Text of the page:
Attorney Thomas B. Burton discusses how to make a Will in 2021. Wills are an essential part of Estate Planning and knowing how to properly make one will surely help you get your estate plan in order in the new year. In this short video, Attorney Burton goes over the up to date requirements for making a Will and discusses how you can meet each element in order to make your own legally valid Last Will and Testament in Wisconsin.
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Welcome, I'm attorney Thomas Burton and today's topic is "How to legally make a Will in 2021."
So the start of the new year is a great time to think about your estate planning and I find in my estate planning practice, many people put it on their to-do list to get an estate plan done at the start of the new year.
In today's video, I'm going to talk about what you need to do to legally make a will in 2021. Basically there's two options you have moving forward; one you can make your own will using the state of Wisconsin will form or an online will making service or some other form you find. So one is a do-it-yourself option. The other option is to work with an estate planning attorney like me, to put an estate plan in place. I always recommend working with an attorney when you are able. However if you are unable to afford an attorney or unable to meet with one right now, then I recommend you look at using the state of Wisconsin basic will statutory, basic will form which is designed for very simple situations and in this form it talks about the situations where it shouldn't be used but I'm going to refer you to my video - "How to make a will for free in Wisconsin", I'll put a link in this video, that's a complete overview where I walk you through this form step by step as if I were filling it out myself. So that's one option do it yourself, the other option is work with an attorney, an estate planning attorney like me or someone else in Wisconsin or whatever state you're located in, you need to find an attorney licensed in your state and the terms of making a will, the basics of making a will are not too complex.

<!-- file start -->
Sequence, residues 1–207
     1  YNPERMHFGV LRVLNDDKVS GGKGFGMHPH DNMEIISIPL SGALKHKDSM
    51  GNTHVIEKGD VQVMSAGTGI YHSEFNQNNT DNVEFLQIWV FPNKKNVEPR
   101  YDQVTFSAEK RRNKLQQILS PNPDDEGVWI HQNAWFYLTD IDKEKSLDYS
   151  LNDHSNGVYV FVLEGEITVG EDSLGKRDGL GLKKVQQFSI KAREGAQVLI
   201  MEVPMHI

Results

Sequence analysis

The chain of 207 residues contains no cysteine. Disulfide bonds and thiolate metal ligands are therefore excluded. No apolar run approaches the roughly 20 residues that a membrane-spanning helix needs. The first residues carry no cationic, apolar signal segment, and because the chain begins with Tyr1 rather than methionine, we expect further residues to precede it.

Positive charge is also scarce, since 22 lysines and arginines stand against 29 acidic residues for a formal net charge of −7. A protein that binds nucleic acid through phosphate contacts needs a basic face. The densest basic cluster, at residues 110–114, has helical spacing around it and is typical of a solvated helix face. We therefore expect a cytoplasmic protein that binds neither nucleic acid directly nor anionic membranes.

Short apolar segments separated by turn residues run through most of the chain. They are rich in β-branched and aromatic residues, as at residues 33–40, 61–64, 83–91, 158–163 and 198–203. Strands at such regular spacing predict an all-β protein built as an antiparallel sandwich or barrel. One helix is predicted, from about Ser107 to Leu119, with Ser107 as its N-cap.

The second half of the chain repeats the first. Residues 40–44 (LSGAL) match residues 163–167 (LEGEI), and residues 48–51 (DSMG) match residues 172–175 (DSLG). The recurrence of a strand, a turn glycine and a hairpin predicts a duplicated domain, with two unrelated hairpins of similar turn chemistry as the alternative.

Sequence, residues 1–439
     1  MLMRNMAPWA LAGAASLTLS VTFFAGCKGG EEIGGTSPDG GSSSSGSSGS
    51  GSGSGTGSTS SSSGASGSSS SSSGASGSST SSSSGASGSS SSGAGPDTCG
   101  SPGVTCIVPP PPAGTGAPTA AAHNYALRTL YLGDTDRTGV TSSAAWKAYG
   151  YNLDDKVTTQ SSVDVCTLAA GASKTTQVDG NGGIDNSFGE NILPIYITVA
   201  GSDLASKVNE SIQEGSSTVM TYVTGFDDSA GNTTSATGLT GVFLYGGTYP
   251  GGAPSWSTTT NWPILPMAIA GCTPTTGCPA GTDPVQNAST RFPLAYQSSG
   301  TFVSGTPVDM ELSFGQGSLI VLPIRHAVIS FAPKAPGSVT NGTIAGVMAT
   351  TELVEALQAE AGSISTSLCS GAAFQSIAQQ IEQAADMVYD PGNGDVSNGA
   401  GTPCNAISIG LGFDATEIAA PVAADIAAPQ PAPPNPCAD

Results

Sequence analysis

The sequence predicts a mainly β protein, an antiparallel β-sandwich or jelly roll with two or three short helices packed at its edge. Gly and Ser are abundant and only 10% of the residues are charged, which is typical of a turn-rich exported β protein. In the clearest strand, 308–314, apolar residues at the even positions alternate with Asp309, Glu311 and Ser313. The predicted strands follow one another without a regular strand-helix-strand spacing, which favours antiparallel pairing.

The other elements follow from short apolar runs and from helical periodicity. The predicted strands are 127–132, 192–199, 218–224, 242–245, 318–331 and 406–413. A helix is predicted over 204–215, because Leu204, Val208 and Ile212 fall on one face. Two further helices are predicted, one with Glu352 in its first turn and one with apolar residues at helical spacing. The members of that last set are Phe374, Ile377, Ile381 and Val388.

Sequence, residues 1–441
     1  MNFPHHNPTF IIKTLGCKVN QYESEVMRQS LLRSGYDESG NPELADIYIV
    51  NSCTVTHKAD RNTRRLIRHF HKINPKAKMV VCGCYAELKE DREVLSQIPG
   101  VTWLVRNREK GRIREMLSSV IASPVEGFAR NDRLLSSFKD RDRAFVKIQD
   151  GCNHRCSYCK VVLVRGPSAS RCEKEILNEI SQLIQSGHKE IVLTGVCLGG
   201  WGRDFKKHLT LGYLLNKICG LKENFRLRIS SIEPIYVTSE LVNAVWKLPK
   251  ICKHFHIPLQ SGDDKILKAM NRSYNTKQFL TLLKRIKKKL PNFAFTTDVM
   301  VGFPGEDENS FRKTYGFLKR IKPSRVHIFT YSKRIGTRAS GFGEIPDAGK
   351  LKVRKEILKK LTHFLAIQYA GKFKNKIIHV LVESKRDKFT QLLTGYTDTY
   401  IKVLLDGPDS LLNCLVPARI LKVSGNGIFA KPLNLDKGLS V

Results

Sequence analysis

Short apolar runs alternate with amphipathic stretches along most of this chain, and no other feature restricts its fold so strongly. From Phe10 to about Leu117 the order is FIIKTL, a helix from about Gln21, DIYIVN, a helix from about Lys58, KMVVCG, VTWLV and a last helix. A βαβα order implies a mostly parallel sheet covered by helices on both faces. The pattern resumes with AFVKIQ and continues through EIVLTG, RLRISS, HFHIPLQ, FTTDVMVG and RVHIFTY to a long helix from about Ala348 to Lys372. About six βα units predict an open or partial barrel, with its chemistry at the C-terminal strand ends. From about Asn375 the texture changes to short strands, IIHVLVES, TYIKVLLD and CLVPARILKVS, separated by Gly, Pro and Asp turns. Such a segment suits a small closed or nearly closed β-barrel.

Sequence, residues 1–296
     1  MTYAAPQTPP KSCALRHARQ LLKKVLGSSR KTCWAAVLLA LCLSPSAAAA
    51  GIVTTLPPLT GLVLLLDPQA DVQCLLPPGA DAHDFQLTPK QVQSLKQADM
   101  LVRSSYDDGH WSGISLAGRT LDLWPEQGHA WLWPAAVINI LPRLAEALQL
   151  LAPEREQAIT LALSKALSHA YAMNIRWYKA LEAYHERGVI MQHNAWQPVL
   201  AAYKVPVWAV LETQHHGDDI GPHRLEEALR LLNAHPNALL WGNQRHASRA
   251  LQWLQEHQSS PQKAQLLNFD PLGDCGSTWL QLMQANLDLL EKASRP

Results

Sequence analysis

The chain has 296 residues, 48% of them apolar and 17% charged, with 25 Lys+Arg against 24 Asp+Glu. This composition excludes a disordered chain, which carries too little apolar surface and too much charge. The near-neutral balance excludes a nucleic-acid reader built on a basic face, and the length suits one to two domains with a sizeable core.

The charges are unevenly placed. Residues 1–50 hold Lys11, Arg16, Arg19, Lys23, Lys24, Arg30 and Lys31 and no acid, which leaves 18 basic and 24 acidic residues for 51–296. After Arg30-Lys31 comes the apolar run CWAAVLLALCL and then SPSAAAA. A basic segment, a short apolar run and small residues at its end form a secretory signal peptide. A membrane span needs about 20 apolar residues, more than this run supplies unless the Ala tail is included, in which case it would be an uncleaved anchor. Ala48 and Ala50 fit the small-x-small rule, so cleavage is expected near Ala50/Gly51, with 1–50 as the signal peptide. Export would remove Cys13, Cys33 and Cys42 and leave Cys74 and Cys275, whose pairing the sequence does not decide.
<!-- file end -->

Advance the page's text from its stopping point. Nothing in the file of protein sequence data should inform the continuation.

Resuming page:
Today I'm going to run through the elements you need to have a valid will and this will be in Wisconsin where I'm licensed to practice. Check with an attorney licensed in your state about the requirements in your state but many of them are going to be similar.
Number one, you have to be age 18+, that's the age of an adult in Wisconsin to make a will. You need to have what we call, 'sound mind' and this is a test in the statutes and the case law, you need to know the objects of your bounty, generally what you possess and what you want to do with it and in Wisconsin, the will has to be in writing. No oral wills and no handwritten wills. Some states allow what they call a handwritten or holographic will but that's not allowed in Wisconsin, here it must generally be typed.
Then once your wishes are put into the will, you need to, a signature in order for it to be valid and that's your signature, the person making the will. The testator needs to sign the will and it needs to be signed in front of two disinterested witnesses, meaning two witnesses who are not related by blood or marriage and are not named in the will to receive something in the will. The best bet is generally friends or neighbors who are not in the will at all or witnesses at your attorney's office who are not related or named in the will and you can see Wisconsin statute chapter 853, for more details on the requirements of what's legally required to make the will.
So today I wanted to do a quick overview of the factors required but basically if you're age 18, you have the will in writing and it expresses your wishes and then you sign it properly in front of the witnesses, you can have a valid will made in 2021, in the state of Wisconsin and again most states follow similar procedure for making a will but sometimes the specific requirements are slightly different. So check the statutes in your state to be sure.
So again the start of the new year is a great time to get your affairs in order. It's a great time to think about what you want to happen to your assets in the state after you're gone and just as a reminder a will in Wisconsin will let the court know who you want to name as personal representative, what we call the executor in Wisconsin and will let you name beneficiaries for your estate, however it will not avoid probate. If you want to avoid probate, provide for incapacity protection and other things, I recommend you look at a trust-based plan.
So I hope this video has been helpful to you. If it has, consider giving it a like and subscribe to our channel for more, so more people can see and benefit from these videos as well.
Thanks for watching and we'll see you next time.
© 2021 Burton Law LLC. All Rights Reserved. Transcript and captions provided for ease of access for the hearing impaired. For questions about this topic, or to suggest a topic for a future blog post, please contact the office.